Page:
Sometimes an event is planned: a wedding, a graduation, a party, a football game. It doesn’t happen. It gets cancelled. You try not to think about it. But you spent too much time before the event mentally rehearsing the things you would’ve said, the clothes you would have worn, the food you would have eaten. So a long time after the cancellation, they come back to you.
My play Genograms started as a short story called “Family Resemblances”. After a few years, I turned it into a one-act play. Members of my playwrights’ group liked it. I tweaked it, and brought it to a master class at Ensemble Studio Theatre.
Ensemble Studio Theatre used to have land in the Catskills. They would hold labs and workshops there. I had attended a one-week lab there one summer for purposes of developing a one-man show. I came back there for a weekend master class held by Romulus Linney. Romulus Linney, though not widely known, was one of the best playwrights of his time. I learned more from him in one weekend than most students learn in a semester.
It was there that I realized my play was a full-length work. I waited more time, still, and rewrote it as Genograms. It was considered for production by a professional theatre, but this ended when there was a shakeup in the theatre management. Such are the politics of the theatre.
My playwright’s group was known for giving public readings. But for reasons having nothing to do with my play, its members were uninterested in doing a reading of Genograms. I had to push and shove my way into getting the reading done. This turned me off to writers’ groups. I left the group a year later.
Nevertheless, the public reading went well. The audience liked the play, and the director said it should be done in New York. Using the director’s theatre as a submitting organization, I applied to the New York Fringe Festival. Genograms was accepted. A downtown theatre was booked, and dates were established.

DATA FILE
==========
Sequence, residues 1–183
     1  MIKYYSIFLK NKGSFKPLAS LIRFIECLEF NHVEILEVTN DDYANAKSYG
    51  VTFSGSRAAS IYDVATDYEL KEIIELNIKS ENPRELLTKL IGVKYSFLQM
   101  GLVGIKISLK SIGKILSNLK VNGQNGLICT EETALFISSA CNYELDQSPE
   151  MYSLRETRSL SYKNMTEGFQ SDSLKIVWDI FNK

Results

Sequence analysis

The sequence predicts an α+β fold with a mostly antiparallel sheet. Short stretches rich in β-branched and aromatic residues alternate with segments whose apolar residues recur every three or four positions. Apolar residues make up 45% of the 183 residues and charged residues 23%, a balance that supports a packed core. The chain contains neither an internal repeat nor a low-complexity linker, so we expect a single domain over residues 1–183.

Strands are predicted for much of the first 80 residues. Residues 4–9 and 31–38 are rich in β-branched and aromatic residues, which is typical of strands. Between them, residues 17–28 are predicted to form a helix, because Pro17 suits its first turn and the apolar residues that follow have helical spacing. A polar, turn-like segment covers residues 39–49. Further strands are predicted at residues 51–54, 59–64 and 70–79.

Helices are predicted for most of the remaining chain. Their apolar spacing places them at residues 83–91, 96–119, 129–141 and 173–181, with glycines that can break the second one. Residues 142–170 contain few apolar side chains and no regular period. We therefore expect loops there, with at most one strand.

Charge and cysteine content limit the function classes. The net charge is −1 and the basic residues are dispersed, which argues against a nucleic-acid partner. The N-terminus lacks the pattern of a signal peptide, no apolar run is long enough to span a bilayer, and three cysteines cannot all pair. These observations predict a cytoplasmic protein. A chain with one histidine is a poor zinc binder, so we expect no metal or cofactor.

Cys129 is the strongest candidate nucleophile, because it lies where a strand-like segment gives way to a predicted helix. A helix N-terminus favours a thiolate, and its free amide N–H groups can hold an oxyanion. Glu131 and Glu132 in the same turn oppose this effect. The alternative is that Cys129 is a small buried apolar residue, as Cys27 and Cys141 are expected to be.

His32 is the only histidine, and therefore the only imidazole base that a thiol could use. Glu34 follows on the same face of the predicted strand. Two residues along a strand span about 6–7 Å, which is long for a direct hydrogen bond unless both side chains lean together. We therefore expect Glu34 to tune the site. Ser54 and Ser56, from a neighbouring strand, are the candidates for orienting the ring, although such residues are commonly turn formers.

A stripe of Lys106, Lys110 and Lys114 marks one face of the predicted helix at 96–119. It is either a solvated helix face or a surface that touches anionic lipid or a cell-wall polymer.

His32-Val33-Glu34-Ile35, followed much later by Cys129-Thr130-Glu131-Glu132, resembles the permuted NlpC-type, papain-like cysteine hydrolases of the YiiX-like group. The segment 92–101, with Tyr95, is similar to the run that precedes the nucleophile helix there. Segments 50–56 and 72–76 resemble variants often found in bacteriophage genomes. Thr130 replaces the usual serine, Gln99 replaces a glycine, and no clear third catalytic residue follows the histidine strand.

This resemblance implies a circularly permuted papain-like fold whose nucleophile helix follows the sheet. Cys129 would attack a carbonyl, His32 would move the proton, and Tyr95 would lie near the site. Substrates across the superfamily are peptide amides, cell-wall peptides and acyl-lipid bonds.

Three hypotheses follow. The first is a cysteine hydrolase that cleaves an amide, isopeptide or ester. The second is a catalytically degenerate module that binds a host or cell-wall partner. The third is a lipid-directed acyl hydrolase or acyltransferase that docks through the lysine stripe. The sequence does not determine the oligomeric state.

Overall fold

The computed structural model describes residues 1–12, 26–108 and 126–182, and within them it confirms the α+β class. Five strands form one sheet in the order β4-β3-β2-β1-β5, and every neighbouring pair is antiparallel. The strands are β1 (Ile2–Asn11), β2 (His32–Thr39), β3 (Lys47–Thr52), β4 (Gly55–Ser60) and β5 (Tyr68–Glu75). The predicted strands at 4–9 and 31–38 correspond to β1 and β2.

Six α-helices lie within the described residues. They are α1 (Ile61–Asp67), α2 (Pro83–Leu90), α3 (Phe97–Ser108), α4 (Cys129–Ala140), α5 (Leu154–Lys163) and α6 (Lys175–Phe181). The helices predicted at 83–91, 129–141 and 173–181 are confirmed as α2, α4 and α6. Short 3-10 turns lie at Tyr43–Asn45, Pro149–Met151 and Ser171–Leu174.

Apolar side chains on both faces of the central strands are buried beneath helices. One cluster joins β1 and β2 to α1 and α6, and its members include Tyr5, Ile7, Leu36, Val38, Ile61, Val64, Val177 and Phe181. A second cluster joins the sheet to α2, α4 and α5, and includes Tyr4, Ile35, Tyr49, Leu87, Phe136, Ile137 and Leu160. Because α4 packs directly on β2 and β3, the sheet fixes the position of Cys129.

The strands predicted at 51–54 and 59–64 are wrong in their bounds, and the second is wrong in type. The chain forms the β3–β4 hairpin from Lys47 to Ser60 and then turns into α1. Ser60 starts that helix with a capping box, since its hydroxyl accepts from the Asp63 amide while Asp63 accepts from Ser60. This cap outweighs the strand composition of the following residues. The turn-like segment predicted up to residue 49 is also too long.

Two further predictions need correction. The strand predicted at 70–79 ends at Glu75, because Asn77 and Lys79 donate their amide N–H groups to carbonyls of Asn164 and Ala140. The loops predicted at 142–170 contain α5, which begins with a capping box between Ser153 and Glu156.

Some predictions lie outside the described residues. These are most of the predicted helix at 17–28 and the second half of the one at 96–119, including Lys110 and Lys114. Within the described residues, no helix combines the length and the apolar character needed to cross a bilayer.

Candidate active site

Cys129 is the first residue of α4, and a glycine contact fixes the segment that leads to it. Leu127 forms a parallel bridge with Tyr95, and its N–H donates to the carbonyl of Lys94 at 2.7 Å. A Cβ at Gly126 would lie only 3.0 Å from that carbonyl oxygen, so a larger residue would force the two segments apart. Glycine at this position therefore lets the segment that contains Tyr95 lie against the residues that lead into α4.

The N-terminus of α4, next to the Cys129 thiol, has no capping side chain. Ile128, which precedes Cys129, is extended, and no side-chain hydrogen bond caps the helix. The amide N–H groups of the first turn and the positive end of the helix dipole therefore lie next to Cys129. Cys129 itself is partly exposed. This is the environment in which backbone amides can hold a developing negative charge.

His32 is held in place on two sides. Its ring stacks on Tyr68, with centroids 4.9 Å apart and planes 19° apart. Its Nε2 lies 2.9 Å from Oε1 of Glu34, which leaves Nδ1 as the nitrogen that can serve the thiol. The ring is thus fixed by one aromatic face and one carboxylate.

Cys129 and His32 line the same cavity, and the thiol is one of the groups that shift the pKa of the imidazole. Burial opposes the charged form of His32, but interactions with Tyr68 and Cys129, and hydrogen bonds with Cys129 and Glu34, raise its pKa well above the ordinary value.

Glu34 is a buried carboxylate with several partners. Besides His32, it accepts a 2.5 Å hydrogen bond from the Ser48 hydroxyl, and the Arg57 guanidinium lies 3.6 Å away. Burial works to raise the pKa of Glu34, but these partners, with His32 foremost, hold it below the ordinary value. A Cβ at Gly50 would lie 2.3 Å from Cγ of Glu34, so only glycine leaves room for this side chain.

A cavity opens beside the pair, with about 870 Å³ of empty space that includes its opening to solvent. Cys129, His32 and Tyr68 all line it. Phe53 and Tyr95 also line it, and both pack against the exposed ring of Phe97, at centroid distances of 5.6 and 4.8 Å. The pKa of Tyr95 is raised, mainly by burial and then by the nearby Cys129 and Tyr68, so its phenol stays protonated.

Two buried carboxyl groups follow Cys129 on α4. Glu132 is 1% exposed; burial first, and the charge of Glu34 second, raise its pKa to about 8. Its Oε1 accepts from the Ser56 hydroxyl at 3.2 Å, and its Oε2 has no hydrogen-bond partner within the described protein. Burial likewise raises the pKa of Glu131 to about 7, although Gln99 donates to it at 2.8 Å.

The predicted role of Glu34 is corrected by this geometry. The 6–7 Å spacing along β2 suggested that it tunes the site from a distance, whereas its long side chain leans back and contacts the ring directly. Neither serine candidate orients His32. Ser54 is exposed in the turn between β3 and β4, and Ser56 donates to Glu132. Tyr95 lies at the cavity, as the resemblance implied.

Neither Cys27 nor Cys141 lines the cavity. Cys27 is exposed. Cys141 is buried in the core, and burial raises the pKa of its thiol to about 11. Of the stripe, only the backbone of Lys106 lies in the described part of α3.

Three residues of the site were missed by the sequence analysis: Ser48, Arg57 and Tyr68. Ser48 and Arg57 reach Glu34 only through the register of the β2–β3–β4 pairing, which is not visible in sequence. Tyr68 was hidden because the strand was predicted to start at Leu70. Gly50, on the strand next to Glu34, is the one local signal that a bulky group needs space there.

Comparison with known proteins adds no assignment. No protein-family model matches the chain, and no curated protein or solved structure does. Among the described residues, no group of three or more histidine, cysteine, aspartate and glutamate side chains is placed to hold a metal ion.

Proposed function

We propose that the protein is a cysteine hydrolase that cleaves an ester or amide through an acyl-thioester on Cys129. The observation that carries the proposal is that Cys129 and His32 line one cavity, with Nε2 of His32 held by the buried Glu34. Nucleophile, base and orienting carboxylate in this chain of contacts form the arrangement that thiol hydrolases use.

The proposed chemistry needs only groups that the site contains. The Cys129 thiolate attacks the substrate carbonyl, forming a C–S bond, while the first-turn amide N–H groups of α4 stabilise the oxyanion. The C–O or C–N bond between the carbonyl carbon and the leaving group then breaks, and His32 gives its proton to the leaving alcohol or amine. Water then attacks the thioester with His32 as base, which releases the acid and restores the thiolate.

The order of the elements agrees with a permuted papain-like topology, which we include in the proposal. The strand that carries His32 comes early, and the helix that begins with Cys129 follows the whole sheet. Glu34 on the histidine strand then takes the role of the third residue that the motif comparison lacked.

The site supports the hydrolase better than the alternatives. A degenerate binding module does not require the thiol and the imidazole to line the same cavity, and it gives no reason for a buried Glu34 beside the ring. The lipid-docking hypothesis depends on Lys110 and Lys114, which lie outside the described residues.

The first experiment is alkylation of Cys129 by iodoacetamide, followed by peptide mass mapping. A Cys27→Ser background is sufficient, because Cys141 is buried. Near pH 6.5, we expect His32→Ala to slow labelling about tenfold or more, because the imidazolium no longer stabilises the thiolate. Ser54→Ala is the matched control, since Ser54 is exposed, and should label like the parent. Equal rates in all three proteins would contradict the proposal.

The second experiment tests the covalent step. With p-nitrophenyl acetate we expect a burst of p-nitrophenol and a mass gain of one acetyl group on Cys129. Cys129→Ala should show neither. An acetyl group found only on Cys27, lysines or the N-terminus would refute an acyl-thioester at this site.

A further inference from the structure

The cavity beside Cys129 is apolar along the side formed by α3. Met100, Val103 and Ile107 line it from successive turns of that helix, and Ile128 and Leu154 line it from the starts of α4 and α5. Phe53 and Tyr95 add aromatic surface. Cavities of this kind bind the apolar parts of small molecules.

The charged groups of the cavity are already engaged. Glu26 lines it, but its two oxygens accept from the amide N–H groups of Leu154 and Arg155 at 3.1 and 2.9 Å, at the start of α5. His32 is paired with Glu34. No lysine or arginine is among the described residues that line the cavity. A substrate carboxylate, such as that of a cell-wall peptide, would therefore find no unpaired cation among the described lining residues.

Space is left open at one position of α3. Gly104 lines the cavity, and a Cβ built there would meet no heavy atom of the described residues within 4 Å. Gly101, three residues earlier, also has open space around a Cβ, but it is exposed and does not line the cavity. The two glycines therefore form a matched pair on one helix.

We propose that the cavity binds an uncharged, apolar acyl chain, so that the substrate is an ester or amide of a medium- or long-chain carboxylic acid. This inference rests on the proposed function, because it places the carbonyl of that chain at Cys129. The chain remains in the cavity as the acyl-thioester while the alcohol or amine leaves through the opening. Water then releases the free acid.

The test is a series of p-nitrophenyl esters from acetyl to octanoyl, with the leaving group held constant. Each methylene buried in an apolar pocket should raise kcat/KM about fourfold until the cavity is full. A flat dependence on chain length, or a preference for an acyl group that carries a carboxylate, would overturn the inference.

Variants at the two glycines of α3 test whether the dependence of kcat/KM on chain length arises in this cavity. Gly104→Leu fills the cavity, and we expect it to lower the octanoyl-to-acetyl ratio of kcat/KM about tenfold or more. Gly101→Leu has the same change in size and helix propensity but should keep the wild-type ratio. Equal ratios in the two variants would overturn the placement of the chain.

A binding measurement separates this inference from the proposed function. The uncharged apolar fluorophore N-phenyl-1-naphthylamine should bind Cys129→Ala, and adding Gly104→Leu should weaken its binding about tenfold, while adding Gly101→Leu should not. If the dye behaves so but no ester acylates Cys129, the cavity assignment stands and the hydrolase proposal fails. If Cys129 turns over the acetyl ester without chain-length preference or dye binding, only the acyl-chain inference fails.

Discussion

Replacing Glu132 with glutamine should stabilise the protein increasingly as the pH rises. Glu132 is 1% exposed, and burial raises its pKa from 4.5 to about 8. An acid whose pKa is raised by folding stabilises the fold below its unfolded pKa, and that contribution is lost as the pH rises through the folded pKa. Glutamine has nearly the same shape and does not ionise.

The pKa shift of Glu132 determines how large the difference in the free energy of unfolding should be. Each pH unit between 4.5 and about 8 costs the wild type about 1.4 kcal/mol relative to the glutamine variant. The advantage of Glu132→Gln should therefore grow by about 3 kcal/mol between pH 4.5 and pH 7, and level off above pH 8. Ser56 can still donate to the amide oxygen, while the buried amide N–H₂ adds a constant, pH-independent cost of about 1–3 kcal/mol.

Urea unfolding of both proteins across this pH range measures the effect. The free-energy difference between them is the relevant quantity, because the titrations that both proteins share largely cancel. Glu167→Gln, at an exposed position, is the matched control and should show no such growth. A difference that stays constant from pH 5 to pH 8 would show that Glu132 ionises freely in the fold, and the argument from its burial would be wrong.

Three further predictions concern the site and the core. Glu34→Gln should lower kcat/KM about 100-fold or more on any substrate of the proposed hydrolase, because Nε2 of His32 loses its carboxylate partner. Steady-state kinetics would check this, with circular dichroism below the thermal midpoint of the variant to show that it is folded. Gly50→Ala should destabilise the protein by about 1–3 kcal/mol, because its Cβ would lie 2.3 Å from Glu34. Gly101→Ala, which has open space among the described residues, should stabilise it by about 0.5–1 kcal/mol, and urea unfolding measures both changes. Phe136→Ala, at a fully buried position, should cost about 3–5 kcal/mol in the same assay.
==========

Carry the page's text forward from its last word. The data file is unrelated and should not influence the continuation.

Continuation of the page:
But the director did not get together the production. With only one of three parts cast two weeks before we were to go on, I told the director to cancel the project.
My play’s title comes from a concept of the American psychiatrist and family therapist Murray Bowen. In his work, Bowen noted patterns of behavior in families. These patterns would repeat across generations.
The concept is important. Santayana said that those who do not know history are condemned to repeat it. As the family is the microcosm of society, all human behavior can be better understood through the study of genograms. Individuals who understand their family histories are less likely to repeat family mistakes.
My play is not a textbook demonstration of Bowen’s theory. It is not clinical. It is simply the story of a girl who seeks out her biological mother. But I thought it important that Murray Bowen’s work be known.
In 1808, Goethe published a novel called Elective Affinities. Elective affinities, or the attraction of chemicals to each other, was a principle of chemistry known from the late 1700’s. Goethe, who was a scientist as well as a poet, playwright and novelist, adopted this chemical concept to show the problematic behaviors of the lovers in his novel. So have I, with Genograms, adopted a recent scientific concept in a work of fiction.
Since the Fringe cancellation, I have done little to promote this play. But I am content to wait. Ibsen’s Love’s Comedy, written in 1862, was not produced until 1876, when the Duke of Saxe Meiningen directed it. Buchner’s Woyceck, composed in 1836, was not shown on stage until 1918, when Alban Berg saw it, and was inspired to make an opera of it. A number of Brecht’s plays were not staged during his lengthy years of exile from Germany.
So I have good reason to bide my time with Genograms.